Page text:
If you thought your Friday night ‘order in’ and buy now, pay later habits were harmless, think again, because your excessive digital spending could well derail your mortgage application.
Our Afterpay payments, eBay and Uber Eats accounts, Netflix, Stan, and other online streaming subscriptions are coming under scrutiny by mortgage brokers and lenders when assessing our repayment capacities and lending potential for a home loan.
While ordering dinner from an online service wouldn’t prevent a potential home buyer from getting a mortgage, the frequency of it could make them a weaker candidate for financing in an increasingly competitive lending market. Banks will now also begin to probe the darkest corners of our digital spending to assess our borrowing power and ability to service a home loan.
General Manager of Banking at Compare the Market, Rod Attrill, said banks were beginning to crack down on borrowers living above their means.
“Lenders will be reviewing spending patterns of all people applying for loans from the number of direct debits to gyms and entertainment platforms right through to regular lunches and ATM withdrawals,” he said.
“The scrutiny of each transaction will be like we have never seen before as banks react to the Royal Commission findings and ensure that no person is given a home loan without a full forensic review of spending habits to ensure the repayment of the loan can be made without negatively impacting the lifestyle of the borrower from a lack of residual income.”
What do banks look at during your home loan application?
Buy now, pay later services have also recently become of particular interest to lenders as a credit liability and some will even require disclosure of any payment balances when applying for a home loan. This will apply to most deferred payment services like zipPay, FuturePay and zipMoney.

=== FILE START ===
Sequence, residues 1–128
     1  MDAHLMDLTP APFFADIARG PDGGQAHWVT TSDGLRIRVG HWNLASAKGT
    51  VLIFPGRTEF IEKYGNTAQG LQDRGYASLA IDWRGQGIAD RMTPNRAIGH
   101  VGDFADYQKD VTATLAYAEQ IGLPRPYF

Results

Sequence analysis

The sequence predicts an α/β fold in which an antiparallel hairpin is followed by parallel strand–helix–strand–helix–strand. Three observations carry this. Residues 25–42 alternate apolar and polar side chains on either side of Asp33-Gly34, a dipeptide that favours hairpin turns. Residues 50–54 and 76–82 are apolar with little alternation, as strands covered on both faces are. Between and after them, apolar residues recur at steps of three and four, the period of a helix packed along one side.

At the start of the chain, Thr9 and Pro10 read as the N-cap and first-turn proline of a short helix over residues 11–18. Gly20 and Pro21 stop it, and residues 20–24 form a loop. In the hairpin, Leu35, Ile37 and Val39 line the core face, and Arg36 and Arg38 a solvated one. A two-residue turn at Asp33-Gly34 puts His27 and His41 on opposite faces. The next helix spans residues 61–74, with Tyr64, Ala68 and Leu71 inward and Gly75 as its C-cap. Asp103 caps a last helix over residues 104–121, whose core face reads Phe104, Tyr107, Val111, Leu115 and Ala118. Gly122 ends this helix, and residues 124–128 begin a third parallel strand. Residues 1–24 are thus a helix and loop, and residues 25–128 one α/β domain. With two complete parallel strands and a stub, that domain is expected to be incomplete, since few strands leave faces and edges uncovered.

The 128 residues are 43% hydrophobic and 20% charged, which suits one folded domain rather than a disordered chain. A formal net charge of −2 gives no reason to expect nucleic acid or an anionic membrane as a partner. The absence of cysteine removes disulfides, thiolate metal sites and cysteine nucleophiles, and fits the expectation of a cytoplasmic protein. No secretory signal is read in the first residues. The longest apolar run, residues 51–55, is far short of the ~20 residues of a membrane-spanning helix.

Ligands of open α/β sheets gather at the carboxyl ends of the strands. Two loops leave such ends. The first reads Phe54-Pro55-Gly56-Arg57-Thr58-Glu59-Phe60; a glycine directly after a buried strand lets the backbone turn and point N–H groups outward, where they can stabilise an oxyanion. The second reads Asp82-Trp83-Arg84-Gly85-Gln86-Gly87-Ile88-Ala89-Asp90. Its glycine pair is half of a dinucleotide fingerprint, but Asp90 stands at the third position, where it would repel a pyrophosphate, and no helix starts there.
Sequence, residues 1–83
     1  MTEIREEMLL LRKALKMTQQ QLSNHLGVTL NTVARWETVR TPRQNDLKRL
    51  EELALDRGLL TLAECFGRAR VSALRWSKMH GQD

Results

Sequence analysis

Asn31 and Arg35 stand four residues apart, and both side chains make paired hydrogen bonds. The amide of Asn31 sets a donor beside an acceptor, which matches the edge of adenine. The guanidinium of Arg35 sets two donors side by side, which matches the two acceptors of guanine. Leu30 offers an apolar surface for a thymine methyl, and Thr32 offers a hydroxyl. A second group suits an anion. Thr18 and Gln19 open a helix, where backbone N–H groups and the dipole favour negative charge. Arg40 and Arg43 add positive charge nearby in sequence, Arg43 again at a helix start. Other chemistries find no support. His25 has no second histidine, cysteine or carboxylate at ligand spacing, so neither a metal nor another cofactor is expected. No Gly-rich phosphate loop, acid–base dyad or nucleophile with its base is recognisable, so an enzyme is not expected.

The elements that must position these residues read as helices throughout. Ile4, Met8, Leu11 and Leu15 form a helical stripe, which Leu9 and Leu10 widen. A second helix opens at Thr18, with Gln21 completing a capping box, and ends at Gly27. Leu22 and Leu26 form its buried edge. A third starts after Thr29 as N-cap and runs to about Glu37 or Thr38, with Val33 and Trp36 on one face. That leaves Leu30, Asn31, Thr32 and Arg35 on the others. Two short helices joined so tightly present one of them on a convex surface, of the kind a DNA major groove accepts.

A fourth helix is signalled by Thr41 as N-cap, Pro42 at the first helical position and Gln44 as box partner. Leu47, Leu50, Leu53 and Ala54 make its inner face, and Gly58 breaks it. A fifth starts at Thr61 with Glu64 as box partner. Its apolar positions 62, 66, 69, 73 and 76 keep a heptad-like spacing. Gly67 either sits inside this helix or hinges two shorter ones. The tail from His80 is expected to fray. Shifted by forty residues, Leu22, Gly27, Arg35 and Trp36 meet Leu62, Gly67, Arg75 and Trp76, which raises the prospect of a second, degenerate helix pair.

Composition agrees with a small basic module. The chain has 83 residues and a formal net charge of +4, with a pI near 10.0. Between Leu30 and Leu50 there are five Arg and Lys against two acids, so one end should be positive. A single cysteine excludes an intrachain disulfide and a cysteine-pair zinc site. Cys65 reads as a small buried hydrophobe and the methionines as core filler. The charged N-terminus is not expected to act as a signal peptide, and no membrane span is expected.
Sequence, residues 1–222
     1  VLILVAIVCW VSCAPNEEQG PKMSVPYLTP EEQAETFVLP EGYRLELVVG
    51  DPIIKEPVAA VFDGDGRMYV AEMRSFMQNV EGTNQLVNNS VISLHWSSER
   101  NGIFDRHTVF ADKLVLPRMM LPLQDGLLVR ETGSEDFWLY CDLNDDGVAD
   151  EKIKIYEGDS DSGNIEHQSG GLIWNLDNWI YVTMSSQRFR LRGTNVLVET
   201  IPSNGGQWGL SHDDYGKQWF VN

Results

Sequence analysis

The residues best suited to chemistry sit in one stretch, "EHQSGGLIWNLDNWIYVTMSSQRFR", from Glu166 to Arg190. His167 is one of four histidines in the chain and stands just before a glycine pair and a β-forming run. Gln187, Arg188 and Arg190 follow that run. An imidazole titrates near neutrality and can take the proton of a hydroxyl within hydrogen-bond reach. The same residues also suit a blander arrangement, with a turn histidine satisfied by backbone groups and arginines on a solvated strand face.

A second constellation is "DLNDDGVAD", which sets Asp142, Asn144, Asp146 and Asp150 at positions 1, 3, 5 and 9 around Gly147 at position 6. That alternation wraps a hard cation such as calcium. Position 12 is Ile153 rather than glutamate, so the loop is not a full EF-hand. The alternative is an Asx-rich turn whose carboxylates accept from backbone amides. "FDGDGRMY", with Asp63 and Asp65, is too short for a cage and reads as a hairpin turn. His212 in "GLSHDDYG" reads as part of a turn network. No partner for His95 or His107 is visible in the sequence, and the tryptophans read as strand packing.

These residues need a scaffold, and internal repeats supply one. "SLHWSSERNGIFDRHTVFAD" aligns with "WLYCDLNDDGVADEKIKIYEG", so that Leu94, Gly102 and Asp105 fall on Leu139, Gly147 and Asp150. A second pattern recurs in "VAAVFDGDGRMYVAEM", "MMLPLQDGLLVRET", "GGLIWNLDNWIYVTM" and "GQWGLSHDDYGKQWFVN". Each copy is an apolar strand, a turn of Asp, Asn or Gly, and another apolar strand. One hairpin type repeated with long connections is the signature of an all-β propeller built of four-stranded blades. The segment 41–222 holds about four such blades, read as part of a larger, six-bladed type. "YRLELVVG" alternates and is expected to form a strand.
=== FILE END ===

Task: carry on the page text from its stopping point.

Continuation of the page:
What’s more, banks will soon have unprecedented access to consumers’ financial data with open banking. Under this new open data system, which will be phased in from July 2019, banks will be able to access and share consumer-approved digital banking data and transaction records. While this has been hailed as a boon for consumers, it will also allows banks greater visibility of our spending.
Traditionally, lenders looked at our income, savings, credit score, debts, assets and liabilities, among other things, to assess mortgage applications. Even a HELP debt will not be exempt from scrutiny since it can deduct anywhere from two to eight per cent of one’s income.
Mortgage brokers will put extra focus on our discretionary spending, looking into how much we spend on gym memberships, beauty services, takeaway coffee, toll fares, hobbies and travels, to assess our overall living expenses instead of just general household expenditure.
It’s not hard to see how small expenses on luxuries can add up. Aussies who treat themselves to a medium takeaway coffee each day are spending $1,500 a year on their caffeine habit, while our technology devices and digital services addiction is costing us over $2,400 per year. The average Aussie also spends $1,000 a year on fitness activities.
Over one million Australian households are currently experiencing mortgage stress, according to an analysis from Digital Finance Analytics (DFA).
For anyone waiting to join the ranks of ‘homeowners’, there will always be financial hurdles to overcome. To learn everything you need to know, take a look at our home loans FAQs.